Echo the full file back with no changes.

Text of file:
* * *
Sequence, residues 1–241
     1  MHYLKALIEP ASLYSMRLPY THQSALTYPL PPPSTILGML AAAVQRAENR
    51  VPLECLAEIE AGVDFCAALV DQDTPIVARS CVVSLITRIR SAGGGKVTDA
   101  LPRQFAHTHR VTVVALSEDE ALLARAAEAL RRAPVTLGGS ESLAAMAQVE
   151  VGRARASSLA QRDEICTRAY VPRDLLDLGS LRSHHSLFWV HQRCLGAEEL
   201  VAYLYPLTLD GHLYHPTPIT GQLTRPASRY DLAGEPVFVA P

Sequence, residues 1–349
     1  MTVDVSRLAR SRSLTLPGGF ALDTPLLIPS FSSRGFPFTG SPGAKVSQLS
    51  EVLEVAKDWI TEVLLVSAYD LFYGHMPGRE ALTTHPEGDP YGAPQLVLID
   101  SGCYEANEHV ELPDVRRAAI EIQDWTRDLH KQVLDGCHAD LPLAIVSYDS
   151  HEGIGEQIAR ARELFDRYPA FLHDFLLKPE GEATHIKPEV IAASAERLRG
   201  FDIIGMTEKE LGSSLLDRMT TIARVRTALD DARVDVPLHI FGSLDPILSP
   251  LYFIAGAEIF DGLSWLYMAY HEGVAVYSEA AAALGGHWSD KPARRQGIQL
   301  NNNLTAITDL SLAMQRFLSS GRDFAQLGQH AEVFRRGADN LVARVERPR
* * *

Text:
Sequence, residues 1–241
     1  MHYLKALIEP ASLYSMRLPY THQSALTYPL PPPSTILGML AAAVQRAENR
    51  VPLECLAEIE AGVDFCAALV DQDTPIVARS CVVSLITRIR SAGGGKVTDA
   101  LPRQFAHTHR VTVVALSEDE ALLARAAEAL RRAPVTLGGS ESLAAMAQVE
   151  VGRARASSLA QRDEICTRAY VPRDLLDLGS LRSHHSLFWV HQRCLGAEEL
   201  VAYLYPLTLD GHLYHPTPIT GQLTRPASRY DLAGEPVFVA P

Sequence, residues 1–349
     1  MTVDVSRLAR SRSLTLPGGF ALDTPLLIPS FSSRGFPFTG SPGAKVSQLS
    51  EVLEVAKDWI TEVLLVSAYD LFYGHMPGRE ALTTHPEGDP YGAPQLVLID
   101  SGCYEANEHV ELPDVRRAAI EIQDWTRDLH KQVLDGCHAD LPLAIVSYDS
   151  HEGIGEQIAR ARELFDRYPA FLHDFLLKPE GEATHIKPEV IAASAERLRG
   201  FDIIGMTEKE LGSSLLDRMT TIARVRTALD DARVDVPLHI FGSLDPILSP
   251  LYFIAGAEIF DGLSWLYMAY HEGVAVYSEA AAALGGHWSD KPARRQGIQL
   301  NNNLTAITDL SLAMQRFLSS GRDFAQLGQH AEVFRRGADN LVARVERPR